OTTAWA – The Canadian economy appears to be rebounding strongly from its winter blues, so much so that analysts are revising their estimate for growth this quarter and possibly for the entire year.
Following December’s weather-induced collapse that brought a depressing 0.5 per cent dip in economic activity, the expectation was that it would take at least until the second quarter — the April-June period — to see a significant reversal.
But new data, including Tuesday’s bigger-than-expected 1.1 per cent jump in the wholesale sector for February, and last week’s eye-popping manufacturing numbers — February sales up 1.4 per cent, unfilled orders up 16.5 per cent and new orders up 18.8 per cent— even had bearish economist Derek Holt of Scotiabank asking if the economy had gone “vertical.”
His answer was no, in part because he thought other sectors of the economy are not doing as well and some of the numbers were just too big to be true. But Holt admitted it was impressive.
CIBC chief economist Avery Shenfeld believes the new indicators are strong enough to question the Bank of Canada’s most recent estimate of 1.5 per cent growth for the first quarter, especially if retail sales show strength in Wednesday’s report.
“All told, a healthy report, but not yet a sign of a take-off as, in volume terms, we’re still below the peak set in late 2013,” he said. “(Still), assuming March is a reasonable month, the economy looks to be tracking a few decimal places better than the Bank of Canada’s forecast.”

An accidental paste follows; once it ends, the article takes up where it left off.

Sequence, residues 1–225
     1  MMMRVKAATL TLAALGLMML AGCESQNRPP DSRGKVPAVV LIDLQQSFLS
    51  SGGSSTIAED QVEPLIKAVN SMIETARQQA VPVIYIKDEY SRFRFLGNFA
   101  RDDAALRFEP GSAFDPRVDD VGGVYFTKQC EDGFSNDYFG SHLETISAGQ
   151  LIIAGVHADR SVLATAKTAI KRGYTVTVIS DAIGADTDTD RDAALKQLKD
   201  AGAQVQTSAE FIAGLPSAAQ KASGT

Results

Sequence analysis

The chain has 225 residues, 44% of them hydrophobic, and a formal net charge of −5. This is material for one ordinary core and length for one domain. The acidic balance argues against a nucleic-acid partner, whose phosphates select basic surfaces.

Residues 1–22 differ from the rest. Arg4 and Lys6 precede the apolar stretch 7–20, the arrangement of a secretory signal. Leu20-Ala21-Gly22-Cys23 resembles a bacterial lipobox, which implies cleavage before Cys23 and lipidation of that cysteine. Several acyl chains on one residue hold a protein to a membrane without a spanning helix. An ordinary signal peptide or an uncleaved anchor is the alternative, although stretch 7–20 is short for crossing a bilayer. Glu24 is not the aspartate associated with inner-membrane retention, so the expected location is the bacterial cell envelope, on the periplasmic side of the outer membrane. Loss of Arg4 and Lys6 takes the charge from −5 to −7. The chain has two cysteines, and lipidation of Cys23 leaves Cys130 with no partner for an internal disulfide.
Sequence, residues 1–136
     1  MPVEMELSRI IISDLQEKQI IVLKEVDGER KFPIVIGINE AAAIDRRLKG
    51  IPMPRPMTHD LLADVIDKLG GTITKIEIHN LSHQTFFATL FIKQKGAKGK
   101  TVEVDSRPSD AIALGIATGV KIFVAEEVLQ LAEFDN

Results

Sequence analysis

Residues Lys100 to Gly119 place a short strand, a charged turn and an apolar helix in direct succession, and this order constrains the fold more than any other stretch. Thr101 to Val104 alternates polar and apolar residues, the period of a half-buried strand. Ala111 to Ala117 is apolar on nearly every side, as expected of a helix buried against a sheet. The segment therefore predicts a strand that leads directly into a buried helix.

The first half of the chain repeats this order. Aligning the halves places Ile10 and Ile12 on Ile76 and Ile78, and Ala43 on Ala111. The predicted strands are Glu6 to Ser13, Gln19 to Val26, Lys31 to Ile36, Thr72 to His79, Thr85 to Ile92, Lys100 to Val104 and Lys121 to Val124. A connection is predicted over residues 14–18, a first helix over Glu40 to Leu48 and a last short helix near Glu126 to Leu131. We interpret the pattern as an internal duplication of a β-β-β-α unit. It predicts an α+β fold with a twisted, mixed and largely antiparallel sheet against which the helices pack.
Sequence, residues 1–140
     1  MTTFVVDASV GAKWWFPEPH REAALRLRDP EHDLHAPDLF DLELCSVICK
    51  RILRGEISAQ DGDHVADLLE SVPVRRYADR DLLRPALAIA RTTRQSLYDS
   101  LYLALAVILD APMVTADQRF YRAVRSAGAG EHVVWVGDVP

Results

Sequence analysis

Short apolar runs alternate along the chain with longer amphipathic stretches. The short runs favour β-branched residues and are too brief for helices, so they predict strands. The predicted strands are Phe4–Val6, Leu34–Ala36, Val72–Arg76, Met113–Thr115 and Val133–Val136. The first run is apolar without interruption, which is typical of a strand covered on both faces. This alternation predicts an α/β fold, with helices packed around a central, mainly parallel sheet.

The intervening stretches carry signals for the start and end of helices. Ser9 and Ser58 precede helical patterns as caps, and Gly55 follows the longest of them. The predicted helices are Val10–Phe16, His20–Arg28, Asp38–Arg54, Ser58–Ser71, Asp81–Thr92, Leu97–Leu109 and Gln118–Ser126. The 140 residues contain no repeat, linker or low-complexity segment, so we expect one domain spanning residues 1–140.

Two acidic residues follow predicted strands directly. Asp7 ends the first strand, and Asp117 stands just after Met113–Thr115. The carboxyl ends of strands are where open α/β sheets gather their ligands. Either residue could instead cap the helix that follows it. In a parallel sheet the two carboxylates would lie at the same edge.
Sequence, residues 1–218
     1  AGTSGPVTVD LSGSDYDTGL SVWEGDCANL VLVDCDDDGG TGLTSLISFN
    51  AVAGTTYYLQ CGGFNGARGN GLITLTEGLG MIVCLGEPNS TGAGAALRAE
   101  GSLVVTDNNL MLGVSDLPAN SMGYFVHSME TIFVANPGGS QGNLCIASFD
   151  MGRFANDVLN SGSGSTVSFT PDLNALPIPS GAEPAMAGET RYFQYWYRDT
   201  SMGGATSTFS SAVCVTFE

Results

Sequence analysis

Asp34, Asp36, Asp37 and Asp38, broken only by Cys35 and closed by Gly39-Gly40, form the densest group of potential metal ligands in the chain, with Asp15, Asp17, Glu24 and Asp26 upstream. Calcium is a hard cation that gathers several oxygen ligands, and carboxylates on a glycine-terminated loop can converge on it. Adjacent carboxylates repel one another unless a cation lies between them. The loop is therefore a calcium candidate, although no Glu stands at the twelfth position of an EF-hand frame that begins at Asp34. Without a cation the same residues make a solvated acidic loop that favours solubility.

That’s far from what was initially expected of the first three months of the year, given the limp handoff from December. In January, many economists projected a growth rate barely touching one per cent, with the more pronounced rebound occurring in the second quarter.
A stronger-than-expected start to the year could also carry forward to the bank’s call for a 2.3 per cent pace for the year as a whole.
The more critical aspect is that, for the first time in almost a year, the data on the goods-producing side of the economy is igniting hopes that bank governor Stephen Poloz’s call for an export-led recovery may finally be coming to fruition. Since the 2008-09 slump, Canadian growth has mostly been backstopped by a strong housing and consumer spending market, and government stimulus — both of which could not be sustained.
The wholesale report was also healthy in that it spread the gains about broadly and, in volume, terms were up 0.8 per cent from January.
Shenfeld said the only negative was that the prior month was revised three-tenths of a percentage point lower, to a 0.5 per cent.
The motor vehicle and parts subsector led the February increases, rising 3.0 per cent to $8.4 billion following two consecutive monthly declines. The motor vehicle industry, with sales up 4.7 per cent, accounted for most of the increase.
Sales rose in eight provinces, with Ontario accounting for much of the improvement.